If the voluntary use of Aadhaar is not permitted in the banking system for financial inclusion, the first casualty of this will be Modi’s pet scheme, Jan Dhan Yojana, whose only chance for success depends on the Aadhaar usage.
Under the scheme, some 18 crore accounts have been already opened and banks have begun to offer overdraft facilities and insurance, pension products linked to these accounts on the condition that the beneficiary accounts are seeded to Aadhaar.
If the banking services are excluded from the voluntary use of Aadhaar, this scheme cannot work due to serious duplication issues, i.e. the same customer can go to different banks and avail the benefits presenting different documents such as driving licence or ration card.
Banks are well aware of this problem. Indian Banks Association (IBA), the industry lobby of Indian banks is too planning to move the Supreme Court to make a case for voluntary use of Aadhaar in banking transactions, said a senior IBA official to this writer on condition of anonymity.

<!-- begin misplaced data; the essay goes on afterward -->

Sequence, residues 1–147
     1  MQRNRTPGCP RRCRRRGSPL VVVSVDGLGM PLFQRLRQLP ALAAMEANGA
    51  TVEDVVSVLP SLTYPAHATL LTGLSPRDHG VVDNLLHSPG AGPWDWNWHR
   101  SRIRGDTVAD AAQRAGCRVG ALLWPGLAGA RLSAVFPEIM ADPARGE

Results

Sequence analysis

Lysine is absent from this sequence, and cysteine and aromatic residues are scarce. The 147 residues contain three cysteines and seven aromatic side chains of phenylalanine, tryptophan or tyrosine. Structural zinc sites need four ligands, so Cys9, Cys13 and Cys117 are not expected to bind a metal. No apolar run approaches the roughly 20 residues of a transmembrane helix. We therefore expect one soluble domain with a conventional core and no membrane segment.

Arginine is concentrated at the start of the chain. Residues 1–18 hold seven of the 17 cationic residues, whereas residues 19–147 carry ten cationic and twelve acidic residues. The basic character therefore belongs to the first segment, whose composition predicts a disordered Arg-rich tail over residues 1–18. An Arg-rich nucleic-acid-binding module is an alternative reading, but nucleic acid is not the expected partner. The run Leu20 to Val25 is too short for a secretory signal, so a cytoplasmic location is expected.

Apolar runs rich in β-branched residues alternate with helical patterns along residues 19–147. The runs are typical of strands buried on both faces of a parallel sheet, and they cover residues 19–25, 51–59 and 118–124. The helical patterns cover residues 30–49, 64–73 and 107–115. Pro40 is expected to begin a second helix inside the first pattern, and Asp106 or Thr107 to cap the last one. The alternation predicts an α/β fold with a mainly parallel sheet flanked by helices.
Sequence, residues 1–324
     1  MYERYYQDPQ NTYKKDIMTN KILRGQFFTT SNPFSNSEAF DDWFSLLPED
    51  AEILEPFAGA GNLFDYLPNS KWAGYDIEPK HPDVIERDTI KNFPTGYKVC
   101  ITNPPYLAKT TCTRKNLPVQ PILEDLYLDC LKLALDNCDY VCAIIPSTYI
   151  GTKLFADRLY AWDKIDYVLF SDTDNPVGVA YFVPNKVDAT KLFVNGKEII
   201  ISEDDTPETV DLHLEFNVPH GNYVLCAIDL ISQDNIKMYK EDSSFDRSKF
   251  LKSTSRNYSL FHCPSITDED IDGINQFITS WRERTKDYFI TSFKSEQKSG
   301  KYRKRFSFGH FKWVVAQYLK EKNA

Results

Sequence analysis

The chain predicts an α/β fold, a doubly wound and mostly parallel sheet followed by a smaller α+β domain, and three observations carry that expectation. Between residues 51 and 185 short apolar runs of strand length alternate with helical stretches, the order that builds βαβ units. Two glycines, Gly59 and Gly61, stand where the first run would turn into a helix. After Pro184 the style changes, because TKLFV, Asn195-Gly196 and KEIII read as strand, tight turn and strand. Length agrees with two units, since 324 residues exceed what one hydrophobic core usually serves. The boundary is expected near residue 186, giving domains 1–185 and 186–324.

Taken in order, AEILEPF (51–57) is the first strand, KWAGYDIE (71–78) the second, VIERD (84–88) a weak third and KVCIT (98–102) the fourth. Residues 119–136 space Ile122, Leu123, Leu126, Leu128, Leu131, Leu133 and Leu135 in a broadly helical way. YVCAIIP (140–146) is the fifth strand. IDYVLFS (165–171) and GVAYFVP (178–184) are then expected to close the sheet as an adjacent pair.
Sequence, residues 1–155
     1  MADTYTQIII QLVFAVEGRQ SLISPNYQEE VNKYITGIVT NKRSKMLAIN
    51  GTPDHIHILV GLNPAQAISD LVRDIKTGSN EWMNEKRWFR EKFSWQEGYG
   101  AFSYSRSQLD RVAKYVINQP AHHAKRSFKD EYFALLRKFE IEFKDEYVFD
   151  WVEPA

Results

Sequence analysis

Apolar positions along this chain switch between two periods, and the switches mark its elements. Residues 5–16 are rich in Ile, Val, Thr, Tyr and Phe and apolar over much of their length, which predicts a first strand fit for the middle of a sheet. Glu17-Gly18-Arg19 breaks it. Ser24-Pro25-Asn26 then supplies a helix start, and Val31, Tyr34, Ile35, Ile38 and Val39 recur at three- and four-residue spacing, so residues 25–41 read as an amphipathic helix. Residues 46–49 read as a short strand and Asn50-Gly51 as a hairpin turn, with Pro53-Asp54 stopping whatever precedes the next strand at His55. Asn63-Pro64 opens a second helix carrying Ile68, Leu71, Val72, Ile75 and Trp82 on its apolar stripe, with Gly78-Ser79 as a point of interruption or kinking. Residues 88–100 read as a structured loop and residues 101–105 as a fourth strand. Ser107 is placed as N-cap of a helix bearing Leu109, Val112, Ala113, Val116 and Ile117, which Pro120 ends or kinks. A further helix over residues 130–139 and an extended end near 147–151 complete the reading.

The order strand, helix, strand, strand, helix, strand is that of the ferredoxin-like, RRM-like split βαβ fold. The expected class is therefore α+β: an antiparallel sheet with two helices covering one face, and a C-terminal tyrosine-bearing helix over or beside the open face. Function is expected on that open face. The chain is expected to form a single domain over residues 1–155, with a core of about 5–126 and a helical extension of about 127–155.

“If Aadhaar is dismantled, the entire Jan Dhan programme is under risk,” said the official. Following the SC verdict, the finance ministry has told banks to wait before using Aadhaar in banking activities, the official said.
Moreover, this is a time when the Indian banking sector is witnessing a flood of reforms with the entry of new set of banks such as small finance banks and payments banks. Aadhaar will be key for the rollout of these entities for KYC purpose and, for the same reason, restricting can play spoilsport.
In a recent column in The Indian Express, Nandan Nilekani, former chairman of UIDAI has strongly questioned the SC’s interim order on two grounds: